Dig Baton Rouge

Early Effects

LSU football coach Les Miles isn’t afraid to play freshmen. He’s done so his entire career with the Tigers.

But with 18 starters back and only one underclassman gone to the NFL Draft, Miles has a luxury that he doesn’t normally have – he doesn’t have a glaring need to force the class of 2016 into action.

With that said, LSU’s recruiting class is ranked No. 1 by many publications for a reason – it’s made up of several incredibly talented future stars.

Here are five players in the class who may see time on the field next season if they land in Baton Rouge.

Erick Fowler – Linebacker (UPDATE: SIGNED WITH TEXAS)

If LSU has any thin spot on its depth chart, it’s at linebacker. That makes Fowler a huge priority for the 2016 season. A Manor, Texas native, the LSU five-star commitment is everything that a coach would want out of a linebacker on paper.

Fowler is massive and already has a college body. He’s quick, owning a 4.6-second 40-yard dash time, and he’s not afraid of contact, owning a reputation as one of the most physical high school seniors in the country. There aren’t many starting spots available at LSU right now, but Fowler’s raw talent alone should get him playing time in 2016.

Devin White – Fullback/Linebacker

LSU cherishes its fullbacks. It’s a position that Les Miles covets and recruits harder than any other coach in the country. White should be the next great LSU lead blocker, and he’s sure to see the field as a true freshman.

Already weighing 258 pounds and possessing a body that can easily hold more muscle, White is a monster when running through the hole, but the incoming freshman is more than just a lead blocker in an I-Form set. He’s also a good athlete. White possesses good hands and runs a 4.5-second 40. He can be a weapon for Cam Cameron in all phases of the offense.

Michael Divinity – Linebacker/Defensive End

For my dollar, Divinity is the most underrated player in the country. As a senior at John Ehret, the quick, heady linebacker single-handedly disrupted opposing offenses, showcasing an ability to stop both the run and pass.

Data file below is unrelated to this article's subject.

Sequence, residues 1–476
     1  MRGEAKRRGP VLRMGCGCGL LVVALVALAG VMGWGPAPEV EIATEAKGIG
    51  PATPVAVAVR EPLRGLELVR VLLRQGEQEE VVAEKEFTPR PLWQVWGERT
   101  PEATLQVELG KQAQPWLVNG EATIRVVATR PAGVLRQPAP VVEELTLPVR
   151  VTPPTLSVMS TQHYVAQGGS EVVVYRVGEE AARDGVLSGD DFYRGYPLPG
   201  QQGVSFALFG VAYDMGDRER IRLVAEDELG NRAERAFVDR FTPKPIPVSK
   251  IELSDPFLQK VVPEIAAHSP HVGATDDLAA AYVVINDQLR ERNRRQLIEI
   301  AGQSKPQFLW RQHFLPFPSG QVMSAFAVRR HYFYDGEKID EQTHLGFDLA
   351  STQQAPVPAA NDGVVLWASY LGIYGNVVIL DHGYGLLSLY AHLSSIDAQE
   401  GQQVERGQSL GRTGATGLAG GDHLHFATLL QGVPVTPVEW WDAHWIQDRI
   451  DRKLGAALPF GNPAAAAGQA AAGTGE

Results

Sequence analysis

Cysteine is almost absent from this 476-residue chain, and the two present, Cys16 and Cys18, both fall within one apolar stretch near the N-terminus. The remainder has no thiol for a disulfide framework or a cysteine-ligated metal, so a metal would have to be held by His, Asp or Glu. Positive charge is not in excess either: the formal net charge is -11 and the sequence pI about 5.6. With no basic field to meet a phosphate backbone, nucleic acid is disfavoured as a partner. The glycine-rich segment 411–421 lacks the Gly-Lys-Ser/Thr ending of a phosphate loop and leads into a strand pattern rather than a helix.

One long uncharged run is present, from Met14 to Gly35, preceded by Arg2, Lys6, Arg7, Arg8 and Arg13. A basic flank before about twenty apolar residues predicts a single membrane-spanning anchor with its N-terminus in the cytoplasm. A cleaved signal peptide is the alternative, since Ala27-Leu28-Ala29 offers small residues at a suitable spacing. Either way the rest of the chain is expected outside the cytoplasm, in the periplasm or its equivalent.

At LSU, Divinity can either be a disruptive outside linebacker or he may add some weight and become an undersized, but extremely explosive defensive end, much in the same mold as Arden Key. Divinity is too talented to sit on the sidelines for long. With LSU, Ed Orgeron will find a way to showcase his talents on the field.

Stephen Sullivan – Wide Receiver

LSU is loaded at wide receiver with Malachi Dupre, Travin Dural and plenty others coming back next fall, but don’t be shocked if Sullivan finds a way to avoid being redshirted because of his sheer size and ability to find the football in the red zone.

At Donaldsonville, Sullivan just made plays when it mattered most – at critical times when the ball was near the goal line. If he develops and learns LSU’s system, he may find action late in the season.

Connor Culp – Kicker

LSU kicker Trent Domingue missed four out of his final seven field goals in 2015, including two kicks in the 20-29-yard range. That’s not good.

Combine that with LSU’s inability to consistently kick the ball into the end zone on kickoffs, and one can easily envision a world where Culp sees the field right away – assuming that he has the chops to play at the collegiate level. According to scouts, the Phoenix native has a big leg and can routinely pound touchbacks out of the back of the end zone. If that’s the case, he will be LSU’s kickoff specialist next fall – if not more.


Follow Casey Gisclair on Twitter @Casey_Gisclair




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